A tasty, if not always tasteful, tale of supernatural mayhem that fans of King and Crichton alike will enjoy.

Pub Date: June 16, 2020

ISBN: 978-1-9848-2678-7

Page Count: 304

Publisher: Del Rey/Ballantine

Review Posted Online: Feb. 10, 2020

Kirkus Reviews Issue: March 1, 2020

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Kin “[find] each other’s lives inscrutable” in this rich, sharp story about the way identity is formed.

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Inseparable identical twin sisters ditch home together, and then one decides to vanish.

The talented Bennett fuels her fiction with secrets—first in her lauded debut, The Mothers (2016), and now in the assured and magnetic story of the Vignes sisters, light-skinned women parked on opposite sides of the color line. Desiree, the “fidgety twin,” and Stella, “a smart, careful girl,” make their break from stultifying rural Mallard, Louisiana, becoming 16-year-old runaways in 1954 New Orleans. The novel opens 14 years later as Desiree, fleeing a violent marriage in D.C., returns home with a different relative: her 8-year-old daughter, Jude. The gossips are agog: “In Mallard, nobody married dark....Marrying a dark man and dragging his blueblack child all over town was one step too far.” Desiree's decision seals Jude’s misery in this “colorstruck” place and propels a new generation of flight: Jude escapes on a track scholarship to UCLA. Tending bar as a side job in Beverly Hills, she catches a glimpse of her mother’s doppelgänger. Stella, ensconced in white society, is shedding her fur coat. Jude, so black that strangers routinely stare, is unrecognizable to her aunt. All this is expertly paced, unfurling before the book is half finished; a reader can guess what is coming. Bennett is deeply engaged in the unknowability of other people and the scourge of colorism. The scene in which Stella adopts her white persona is a tour de force of doubling and confusion. It calls up Toni Morrison’s The Bluest Eye, the book's 50-year-old antecedent. Bennett's novel plays with its characters' nagging feelings of being incomplete—for the twins without each other; for Jude’s boyfriend, Reese, who is trans and seeks surgery; for their friend Barry, who performs in drag as Bianca. Bennett keeps all these plot threads thrumming and her social commentary crisp. In the second half, Jude spars with her cousin Kennedy, Stella's daughter, a spoiled actress.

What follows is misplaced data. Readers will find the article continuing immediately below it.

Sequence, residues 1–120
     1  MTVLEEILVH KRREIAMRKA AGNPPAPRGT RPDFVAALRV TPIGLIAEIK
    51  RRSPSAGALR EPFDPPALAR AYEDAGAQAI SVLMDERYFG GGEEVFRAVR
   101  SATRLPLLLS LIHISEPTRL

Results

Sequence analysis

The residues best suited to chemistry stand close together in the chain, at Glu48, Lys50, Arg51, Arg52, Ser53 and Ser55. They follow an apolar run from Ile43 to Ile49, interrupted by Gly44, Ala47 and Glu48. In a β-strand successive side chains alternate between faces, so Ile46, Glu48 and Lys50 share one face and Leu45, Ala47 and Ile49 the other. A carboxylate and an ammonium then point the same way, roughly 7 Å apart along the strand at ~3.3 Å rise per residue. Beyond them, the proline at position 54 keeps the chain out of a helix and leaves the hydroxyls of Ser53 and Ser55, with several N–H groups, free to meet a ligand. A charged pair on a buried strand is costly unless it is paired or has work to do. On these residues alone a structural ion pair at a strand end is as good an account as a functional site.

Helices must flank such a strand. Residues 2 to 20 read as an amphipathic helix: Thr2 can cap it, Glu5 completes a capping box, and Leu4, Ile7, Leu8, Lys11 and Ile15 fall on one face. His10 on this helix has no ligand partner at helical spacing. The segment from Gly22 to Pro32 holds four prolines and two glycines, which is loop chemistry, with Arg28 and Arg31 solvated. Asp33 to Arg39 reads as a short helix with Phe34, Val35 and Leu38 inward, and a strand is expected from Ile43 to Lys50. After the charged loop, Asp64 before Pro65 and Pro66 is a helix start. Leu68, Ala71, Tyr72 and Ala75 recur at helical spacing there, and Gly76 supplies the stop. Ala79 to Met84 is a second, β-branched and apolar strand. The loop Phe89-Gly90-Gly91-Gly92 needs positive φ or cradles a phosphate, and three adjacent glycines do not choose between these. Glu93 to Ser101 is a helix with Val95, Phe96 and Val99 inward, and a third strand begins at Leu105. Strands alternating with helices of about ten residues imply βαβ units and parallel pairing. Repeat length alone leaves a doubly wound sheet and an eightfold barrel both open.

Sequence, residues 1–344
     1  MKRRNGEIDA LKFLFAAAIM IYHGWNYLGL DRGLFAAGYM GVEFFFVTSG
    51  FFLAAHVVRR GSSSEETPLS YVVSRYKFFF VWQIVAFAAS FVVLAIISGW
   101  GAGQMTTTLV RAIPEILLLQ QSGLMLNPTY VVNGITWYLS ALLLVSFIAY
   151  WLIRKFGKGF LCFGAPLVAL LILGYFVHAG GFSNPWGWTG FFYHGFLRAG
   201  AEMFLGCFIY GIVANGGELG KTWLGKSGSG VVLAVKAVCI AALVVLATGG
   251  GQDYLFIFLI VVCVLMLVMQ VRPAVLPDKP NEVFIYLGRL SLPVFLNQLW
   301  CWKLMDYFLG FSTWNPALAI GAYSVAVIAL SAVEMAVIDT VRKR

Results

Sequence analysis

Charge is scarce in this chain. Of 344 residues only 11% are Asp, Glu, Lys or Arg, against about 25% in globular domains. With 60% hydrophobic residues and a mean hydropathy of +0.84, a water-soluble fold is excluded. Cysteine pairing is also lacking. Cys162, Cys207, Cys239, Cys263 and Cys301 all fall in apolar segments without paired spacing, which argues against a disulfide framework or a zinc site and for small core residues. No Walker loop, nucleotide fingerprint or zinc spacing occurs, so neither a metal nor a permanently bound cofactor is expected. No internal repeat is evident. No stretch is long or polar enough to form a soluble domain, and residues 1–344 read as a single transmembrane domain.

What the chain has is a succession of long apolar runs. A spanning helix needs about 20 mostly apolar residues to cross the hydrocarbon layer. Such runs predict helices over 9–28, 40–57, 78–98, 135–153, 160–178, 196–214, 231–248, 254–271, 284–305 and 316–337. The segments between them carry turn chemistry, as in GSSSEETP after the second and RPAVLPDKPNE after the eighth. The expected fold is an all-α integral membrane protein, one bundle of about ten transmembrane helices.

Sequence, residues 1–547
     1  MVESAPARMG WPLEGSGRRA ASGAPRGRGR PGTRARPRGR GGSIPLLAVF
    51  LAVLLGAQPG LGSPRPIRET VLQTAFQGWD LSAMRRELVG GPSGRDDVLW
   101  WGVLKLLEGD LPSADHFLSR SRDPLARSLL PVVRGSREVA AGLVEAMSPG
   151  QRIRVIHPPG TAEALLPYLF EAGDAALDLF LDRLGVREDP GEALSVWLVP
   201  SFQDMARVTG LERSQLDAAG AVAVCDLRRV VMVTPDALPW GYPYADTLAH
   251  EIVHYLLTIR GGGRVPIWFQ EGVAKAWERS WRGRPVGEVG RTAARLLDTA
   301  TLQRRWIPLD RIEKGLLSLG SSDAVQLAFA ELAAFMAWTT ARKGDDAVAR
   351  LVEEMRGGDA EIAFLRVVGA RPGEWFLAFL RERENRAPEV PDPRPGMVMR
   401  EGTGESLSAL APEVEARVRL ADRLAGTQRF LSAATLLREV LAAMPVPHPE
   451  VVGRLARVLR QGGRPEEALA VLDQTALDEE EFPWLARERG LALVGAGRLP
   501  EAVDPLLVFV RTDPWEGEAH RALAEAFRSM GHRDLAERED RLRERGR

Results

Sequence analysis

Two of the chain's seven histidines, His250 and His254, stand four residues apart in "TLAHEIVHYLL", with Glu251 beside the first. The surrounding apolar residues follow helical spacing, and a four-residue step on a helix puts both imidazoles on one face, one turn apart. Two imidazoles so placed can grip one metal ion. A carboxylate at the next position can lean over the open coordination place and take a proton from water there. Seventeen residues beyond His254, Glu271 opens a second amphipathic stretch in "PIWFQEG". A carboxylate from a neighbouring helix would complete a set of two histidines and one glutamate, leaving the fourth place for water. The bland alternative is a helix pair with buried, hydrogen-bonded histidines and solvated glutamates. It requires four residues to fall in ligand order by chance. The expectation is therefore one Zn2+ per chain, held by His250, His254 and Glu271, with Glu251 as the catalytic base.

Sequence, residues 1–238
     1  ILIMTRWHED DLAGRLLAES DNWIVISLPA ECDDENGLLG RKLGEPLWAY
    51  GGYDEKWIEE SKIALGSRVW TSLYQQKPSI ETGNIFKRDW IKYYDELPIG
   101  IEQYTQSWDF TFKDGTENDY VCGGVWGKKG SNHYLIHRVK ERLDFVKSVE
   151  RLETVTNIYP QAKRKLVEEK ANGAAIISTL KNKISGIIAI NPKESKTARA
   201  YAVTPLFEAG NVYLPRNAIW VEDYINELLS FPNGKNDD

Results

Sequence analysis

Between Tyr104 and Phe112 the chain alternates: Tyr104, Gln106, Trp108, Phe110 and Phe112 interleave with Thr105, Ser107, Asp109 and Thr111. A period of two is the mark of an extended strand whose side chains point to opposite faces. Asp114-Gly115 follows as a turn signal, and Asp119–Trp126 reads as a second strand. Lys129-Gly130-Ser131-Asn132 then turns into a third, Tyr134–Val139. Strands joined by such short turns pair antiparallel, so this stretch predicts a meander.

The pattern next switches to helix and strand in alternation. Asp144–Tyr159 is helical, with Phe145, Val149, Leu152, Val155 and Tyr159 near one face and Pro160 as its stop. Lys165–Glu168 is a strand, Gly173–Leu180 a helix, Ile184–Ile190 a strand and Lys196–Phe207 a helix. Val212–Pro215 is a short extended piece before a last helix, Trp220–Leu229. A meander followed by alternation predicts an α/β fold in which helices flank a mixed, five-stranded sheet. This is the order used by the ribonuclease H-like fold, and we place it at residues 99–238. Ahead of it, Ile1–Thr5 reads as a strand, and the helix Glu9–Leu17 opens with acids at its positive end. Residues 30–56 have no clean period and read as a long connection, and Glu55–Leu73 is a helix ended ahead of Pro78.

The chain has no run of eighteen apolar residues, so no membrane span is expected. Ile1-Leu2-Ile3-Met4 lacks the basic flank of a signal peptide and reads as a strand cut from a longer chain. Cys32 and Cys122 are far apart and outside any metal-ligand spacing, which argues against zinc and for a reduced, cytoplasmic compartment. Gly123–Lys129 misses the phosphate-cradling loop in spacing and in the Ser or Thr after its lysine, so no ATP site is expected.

Kin “[find] each other’s lives inscrutable” in this rich, sharp story about the way identity is formed.

Pub Date: June 2, 2020

ISBN: 978-0-525-53629-1

Page Count: 352

Publisher: Riverhead

Review Posted Online: March 15, 2020

Kirkus Reviews Issue: April 1, 2020